• More storage - I don't think memory cards are commonly available with quite as much capacity as thumb drives.  The gap doesn't seem to be widening, though (internally, they're probably very similar technology), and is most likely to shrink.

SanDisk has introduced SD cards that plug directly into USB ports, which are certainly worth considering.  I'm not sure that's likely to be done with mini SD and other card formats (but who knows?), so the mobile USB card reader may still be a better choice.  (Of course, if the price is close, why not buy direct-to-USB SD cards even if you have a card reader?)

I'm sure there are other great mobile USB card readers in addition to SanDisk's.  I just happen to have a SanDisk reader and cards and I'm happy with them thus far, so I used them as an example.  I'm writing to illustrate the concept, not endorse this product in particular.

NFC (Near Field Communication) technology + mobile phones = Interesting potential uses

nokia_nfc_phone.gif

Background

  • Put simply, NFC (Near Field Communication) is a way for devices that are close to one another to exchange information.  RFID (Radio Frequency IDentification) is a popular implementation of NFC technology.
  • I predict RFID will soon be integrated into mobile phones as commonly as Bluetooth (hopefully faster). Nokia has developed RFID "shells" to add this technology to some existing phones.
  • Wide-spread use of NFC technology + NFC-enabled mobile phones = Lots of interesting potential uses!

 

Uses for NFC and mobile phones

The two articles below started me thinking about how NFC + mobile phones could be used.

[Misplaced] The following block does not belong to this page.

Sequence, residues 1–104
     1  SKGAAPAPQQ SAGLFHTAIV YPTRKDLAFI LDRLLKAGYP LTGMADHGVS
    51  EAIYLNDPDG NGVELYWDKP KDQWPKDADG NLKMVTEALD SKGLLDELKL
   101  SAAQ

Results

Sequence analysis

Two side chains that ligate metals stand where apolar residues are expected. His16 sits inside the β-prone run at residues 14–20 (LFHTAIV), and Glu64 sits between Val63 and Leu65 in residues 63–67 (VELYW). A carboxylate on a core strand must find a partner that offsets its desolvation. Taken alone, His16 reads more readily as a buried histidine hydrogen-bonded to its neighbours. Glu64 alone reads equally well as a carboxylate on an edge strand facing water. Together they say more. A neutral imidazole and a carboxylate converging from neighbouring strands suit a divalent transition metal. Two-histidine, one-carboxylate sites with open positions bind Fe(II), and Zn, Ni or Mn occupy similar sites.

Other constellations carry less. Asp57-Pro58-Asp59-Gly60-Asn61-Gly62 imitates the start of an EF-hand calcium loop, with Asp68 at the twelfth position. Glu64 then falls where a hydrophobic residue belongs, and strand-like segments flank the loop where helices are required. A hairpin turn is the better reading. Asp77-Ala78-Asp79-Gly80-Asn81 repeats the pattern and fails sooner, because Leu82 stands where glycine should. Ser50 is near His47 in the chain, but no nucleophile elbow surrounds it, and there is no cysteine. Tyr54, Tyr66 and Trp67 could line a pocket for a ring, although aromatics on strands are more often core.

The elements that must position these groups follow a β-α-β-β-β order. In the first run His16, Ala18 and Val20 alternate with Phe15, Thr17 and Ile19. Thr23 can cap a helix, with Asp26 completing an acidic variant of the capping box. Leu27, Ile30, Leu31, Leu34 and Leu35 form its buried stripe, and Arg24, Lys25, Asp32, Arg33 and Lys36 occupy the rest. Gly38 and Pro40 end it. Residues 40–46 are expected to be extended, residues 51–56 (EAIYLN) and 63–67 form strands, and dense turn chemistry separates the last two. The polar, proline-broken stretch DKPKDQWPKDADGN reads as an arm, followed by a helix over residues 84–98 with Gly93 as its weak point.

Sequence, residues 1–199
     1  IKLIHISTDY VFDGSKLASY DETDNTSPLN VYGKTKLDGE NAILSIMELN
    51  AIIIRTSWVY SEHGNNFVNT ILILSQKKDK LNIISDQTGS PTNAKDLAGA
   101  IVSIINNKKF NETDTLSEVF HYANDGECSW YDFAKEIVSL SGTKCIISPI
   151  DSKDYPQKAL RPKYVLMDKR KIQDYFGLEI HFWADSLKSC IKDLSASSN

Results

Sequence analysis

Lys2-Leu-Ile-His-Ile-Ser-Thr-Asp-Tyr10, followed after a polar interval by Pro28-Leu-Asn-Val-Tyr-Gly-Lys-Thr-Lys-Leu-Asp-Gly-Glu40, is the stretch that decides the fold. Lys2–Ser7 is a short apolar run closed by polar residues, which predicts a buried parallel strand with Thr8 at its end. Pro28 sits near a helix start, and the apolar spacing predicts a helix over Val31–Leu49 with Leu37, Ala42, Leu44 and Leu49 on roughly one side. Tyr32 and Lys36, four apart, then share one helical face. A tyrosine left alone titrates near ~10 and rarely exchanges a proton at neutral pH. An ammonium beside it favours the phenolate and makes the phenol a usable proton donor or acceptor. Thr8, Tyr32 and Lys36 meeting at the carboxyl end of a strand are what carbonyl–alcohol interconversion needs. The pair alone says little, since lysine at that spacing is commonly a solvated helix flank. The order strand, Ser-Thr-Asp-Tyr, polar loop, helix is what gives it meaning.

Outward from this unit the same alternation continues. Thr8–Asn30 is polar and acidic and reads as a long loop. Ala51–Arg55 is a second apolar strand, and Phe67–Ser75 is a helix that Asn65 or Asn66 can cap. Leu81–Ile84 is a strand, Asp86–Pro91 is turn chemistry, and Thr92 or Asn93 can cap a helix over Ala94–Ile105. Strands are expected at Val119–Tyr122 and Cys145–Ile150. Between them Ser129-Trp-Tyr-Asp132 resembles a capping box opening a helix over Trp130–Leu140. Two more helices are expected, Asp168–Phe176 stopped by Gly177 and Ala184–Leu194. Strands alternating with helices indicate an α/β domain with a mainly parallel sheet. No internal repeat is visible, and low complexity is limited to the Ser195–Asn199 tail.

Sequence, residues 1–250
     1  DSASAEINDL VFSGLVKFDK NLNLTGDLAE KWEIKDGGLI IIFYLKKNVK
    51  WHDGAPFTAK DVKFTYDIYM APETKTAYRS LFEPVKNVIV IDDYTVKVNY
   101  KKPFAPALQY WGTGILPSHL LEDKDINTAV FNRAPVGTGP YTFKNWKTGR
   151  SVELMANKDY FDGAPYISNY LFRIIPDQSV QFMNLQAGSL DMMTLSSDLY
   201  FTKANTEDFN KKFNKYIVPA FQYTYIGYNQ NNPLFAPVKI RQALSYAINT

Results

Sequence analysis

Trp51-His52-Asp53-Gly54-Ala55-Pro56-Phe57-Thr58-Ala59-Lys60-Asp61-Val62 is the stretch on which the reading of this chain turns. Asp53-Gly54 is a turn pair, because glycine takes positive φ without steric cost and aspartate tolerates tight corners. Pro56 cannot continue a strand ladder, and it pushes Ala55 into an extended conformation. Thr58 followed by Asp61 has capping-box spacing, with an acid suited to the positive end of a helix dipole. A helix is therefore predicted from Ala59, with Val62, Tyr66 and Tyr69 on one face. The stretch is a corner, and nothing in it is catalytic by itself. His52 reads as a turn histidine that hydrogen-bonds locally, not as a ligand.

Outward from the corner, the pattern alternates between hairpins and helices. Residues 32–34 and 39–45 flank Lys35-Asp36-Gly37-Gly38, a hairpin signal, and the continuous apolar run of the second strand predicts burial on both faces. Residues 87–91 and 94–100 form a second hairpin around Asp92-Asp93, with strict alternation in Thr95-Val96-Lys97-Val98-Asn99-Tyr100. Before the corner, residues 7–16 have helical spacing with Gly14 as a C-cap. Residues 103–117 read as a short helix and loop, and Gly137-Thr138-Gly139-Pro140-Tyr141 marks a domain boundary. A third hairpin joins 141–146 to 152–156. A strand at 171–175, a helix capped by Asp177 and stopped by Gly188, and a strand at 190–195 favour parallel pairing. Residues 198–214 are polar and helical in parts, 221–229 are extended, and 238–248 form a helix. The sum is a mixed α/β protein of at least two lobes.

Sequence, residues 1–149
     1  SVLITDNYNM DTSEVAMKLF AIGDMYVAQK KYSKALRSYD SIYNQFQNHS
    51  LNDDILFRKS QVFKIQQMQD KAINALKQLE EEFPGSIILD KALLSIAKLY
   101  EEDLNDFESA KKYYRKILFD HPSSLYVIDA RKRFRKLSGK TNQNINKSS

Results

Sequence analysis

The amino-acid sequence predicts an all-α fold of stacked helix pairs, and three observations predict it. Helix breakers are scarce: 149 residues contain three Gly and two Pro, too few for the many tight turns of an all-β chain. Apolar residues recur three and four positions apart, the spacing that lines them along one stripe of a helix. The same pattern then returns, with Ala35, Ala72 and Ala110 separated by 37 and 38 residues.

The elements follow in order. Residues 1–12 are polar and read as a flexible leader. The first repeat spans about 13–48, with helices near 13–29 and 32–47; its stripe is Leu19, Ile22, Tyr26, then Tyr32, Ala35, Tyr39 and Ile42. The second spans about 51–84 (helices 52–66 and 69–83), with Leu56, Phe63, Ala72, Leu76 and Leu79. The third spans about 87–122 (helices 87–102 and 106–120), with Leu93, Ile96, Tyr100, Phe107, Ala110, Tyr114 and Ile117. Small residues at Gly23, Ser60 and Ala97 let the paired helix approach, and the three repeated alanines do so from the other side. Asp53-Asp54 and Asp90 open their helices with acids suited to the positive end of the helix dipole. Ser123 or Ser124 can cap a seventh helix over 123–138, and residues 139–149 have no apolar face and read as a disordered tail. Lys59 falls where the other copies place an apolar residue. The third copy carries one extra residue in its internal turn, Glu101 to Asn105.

• "The address book desk" - Timo Arnall describes how he embedded a grid of RFID tags into a desk and used post-it notes to label the function they represent.  When he places his RFID-enabled phone on different points on the grid, it takes different actions -- call someone, visit a website, send a text message, etc.
    For the last couple of weeks I have been experimenting with tagging personal space with NFC. This started by embedding RFID tags in my desk, to use it as an information surface for contacts, SMSes and links.
  • "The Microsoft RFID Browser" - Scott P. Shaffer presents ideas for using mobile phones to "browse" the RFID tags he forsees (and I agree!)  becoming commonly embedded in the physical world.  He nails the important idea here:
    Where Google was your search engine for the digital world, a mobile phone w/ the ability to read an RFID tag becomes your search engine for the physical world.

These two articles plus some of the ideas in the comments have started me thinking about potential uses for NFC + mobile phones, so I thought I'd write them down and hopefully spur others to come up with additional ideas.  I know many of these aren't necessarily original concepts, and some are already being prototyped.  I still think it's worth writing them down and thinking about how they could be implemented.  I'll use RFID in the examples, since that's currently the most common/popular implementation of NFC technology.  Obviously, we're not yet at a point where NFC is pervasive enough for these ideas to be feasible now, but hopefully we'll get there soon.

Update: 2006.02.02 - Perhaps we'll get there sooner than I realized; apparently, Nokia plans to be pretty aggressive in promoting NFC + mobile phones: "Nokia Says Look for New Phone, Busy Stores in '06 NFC Payment Pilots".

Ideas for combining NFC technology + mobile phones

ASSUMPTION: Phone has RFID read/write capability and its own set of multiple embedded RFID tags